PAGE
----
Next Article in Journal
Quantitative ADC: An Additional Tool in the Evaluation of Prostate Cancer?
Next Article in Special Issue
Perineal Hernia Mesh Repair Using Only the Perineal Approach: How We Do It
Previous Article in Journal
Long-Term Exposure of Nitrogen Oxides Air Pollution (NO2) Impact for Coronary Artery Lesion Progression—Pilot Study
Previous Article in Special Issue
Impact of Colorectal Cancer Sidedness and Location on Therapy and Clinical Outcomes: Role of Blood-Based Biopsy for Personalized Treatment
Font Type:
Arial Georgia Verdana
Font Size:
Aa Aa Aa
Line Spacing:
Column Width:

Pancreatic Adenocarcinoma: Real World Evidence of Care Delivery in AccessHope Data

AccessHope, Duarte, CA 91010, USA
Department of Medical Oncology and Therapeutics Research, City of Hope, Duarte, CA 91010, USA
Department of Hematology and Hematopoietic Stem Cell Transplant, City of Hope, Duarte, CA 91011, USA
Dana-Farber Cancer Institute, 450 Brookline Ave, Boston, MA 02215, USA
Author to whom correspondence should be addressed.
J. Pers. Med. 2023, 13(9), 1377;
Submission received: 15 July 2023 / Revised: 2 September 2023 / Accepted: 11 September 2023 / Published: 15 September 2023


Background: Pancreatic adenocarcinoma is an aggressive disease and the delivery of comprehensive care to individuals with this cancer is critical to achieve appropriate outcomes. The identification of gaps in care delivery facilitates the design of interventions to optimize care delivery and improve outcomes in this population. Methods: AccessHope™ is a growing organization that connects oncology subspecialists with treating providers through contracts with self-insured employers. Data from 94 pancreatic adenocarcinoma cases (August 2019–December 2022) in the AccessHope dataset were used to describe gaps in care delivery. Results: In all but 6% of cases, the subspecialist provided guideline-concordant recommendations anticipated to improve outcomes. Gaps in care were more pronounced in patients with non-metastatic pancreatic cancer. There was a significant deficiency in germline testing regardless of the stage, with only 59% of cases having completed testing. Only 20% of cases were receiving palliative care or other allied support services. There was no difference in observed care gaps between patients receiving care in the community setting vs. those receiving care in the academic setting. Conclusions: There are significant gaps in the care delivered to patients with pancreatic adenocarcinoma. A concurrent subspecialist review has the opportunity to identify and address these gaps in a timely manner.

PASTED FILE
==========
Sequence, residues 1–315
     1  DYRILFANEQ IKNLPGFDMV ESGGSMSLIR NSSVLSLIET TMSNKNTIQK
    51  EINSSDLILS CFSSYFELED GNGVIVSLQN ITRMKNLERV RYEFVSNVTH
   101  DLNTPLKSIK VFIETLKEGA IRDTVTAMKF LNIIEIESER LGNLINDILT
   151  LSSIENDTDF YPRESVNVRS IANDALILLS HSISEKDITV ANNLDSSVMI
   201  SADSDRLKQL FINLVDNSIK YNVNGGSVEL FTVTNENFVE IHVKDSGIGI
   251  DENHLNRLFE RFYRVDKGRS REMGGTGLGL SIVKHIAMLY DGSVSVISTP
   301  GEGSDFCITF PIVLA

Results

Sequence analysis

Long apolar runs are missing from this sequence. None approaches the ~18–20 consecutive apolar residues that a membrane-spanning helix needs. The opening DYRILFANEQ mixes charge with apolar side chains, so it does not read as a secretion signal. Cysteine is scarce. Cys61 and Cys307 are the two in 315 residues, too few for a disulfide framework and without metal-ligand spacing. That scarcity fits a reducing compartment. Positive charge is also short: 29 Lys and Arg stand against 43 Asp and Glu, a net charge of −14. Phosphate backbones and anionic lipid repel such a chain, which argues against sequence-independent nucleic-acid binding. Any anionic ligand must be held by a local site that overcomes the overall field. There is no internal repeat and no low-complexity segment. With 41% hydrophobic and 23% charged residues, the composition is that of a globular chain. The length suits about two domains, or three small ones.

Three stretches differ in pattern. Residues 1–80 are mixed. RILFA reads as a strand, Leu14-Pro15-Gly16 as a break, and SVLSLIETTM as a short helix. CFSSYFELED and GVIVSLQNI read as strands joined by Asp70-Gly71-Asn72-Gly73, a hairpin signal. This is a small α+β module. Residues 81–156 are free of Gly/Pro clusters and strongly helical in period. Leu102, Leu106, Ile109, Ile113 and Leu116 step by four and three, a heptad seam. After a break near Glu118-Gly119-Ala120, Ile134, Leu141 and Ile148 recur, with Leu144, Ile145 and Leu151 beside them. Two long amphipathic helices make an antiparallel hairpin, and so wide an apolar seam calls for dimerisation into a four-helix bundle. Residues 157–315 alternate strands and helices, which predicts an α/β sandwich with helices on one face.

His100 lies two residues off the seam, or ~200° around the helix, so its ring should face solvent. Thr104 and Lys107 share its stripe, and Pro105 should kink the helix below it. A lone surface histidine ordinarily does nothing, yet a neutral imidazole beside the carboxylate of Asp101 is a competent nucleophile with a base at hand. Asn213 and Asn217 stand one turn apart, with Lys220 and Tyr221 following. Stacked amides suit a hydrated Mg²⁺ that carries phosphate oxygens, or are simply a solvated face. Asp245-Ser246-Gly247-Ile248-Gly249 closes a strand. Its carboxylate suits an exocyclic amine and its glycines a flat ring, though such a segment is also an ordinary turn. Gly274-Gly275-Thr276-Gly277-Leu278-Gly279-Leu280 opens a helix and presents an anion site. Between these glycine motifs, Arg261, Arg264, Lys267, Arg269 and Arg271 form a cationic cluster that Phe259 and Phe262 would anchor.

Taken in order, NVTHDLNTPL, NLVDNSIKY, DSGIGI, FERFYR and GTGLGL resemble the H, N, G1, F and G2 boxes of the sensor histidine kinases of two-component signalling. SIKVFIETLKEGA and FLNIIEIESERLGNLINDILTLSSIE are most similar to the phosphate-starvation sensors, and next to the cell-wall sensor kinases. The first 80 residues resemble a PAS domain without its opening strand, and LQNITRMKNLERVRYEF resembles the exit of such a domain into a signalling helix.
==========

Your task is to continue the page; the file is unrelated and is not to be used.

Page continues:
1. Introduction

Pancreatic ductal adenocarcinoma (herein referred to as pancreatic cancer) comprises more than 86% of all pancreatic malignancies [1]. In the United States, pancreatic cancer accounts for 3% of all cancer incidence and 7% of cancer mortality, making it the third leading cause of cancer death [2]. Approximately 45–55% of patients have metastatic disease at the time of presentation, and about 80–90% of patients have unresectable tumors, which are associated with poor prognosis [3].
Determining the correct stage of disease at diagnosis and ensuring timely and coordinated multidisciplinary care is critical to attaining optimal outcomes for patients with pancreatic cancer. In addition to oncologic treatment, other elements of management, including germline testing and the integration of supportive and palliative interventions, have an immense impact on the outcomes of patients with pancreatic cancer. In fact, comprehensive care is associated with improved survival in this population [4]. The degree to which comprehensive care is delivered across the U.S.’s pancreatic cancer population, however, is unknown.
Patients treated at NCI-Designated Comprehensive Cancer Centers (NCI-CCCs) have improved cancer outcomes, including superior survival rates, compared with patients treated at other academic facilities or community practices. The improved outcomes are presumably due to high levels of specialization and experience, in turn due to the high volume of cases at NCI-CCCs [5,6]. The direct association between physician expertise and patient outcomes is well established in the surgical literature [7,8]. However, the precise impact of disease-specific expertise on patient outcomes in oncology is not well described [9]. While there are many factors that preclude all patients from being treated at NCI-CCCs, understanding the gaps in care of cancer patients will facilitate interventions to improve care, and ultimately outcomes, for all patients. The dissemination of disease-specific expertise via telehealth/remote means to a large, diverse network of community providers has been demonstrated to be a successful model for advancing care [10].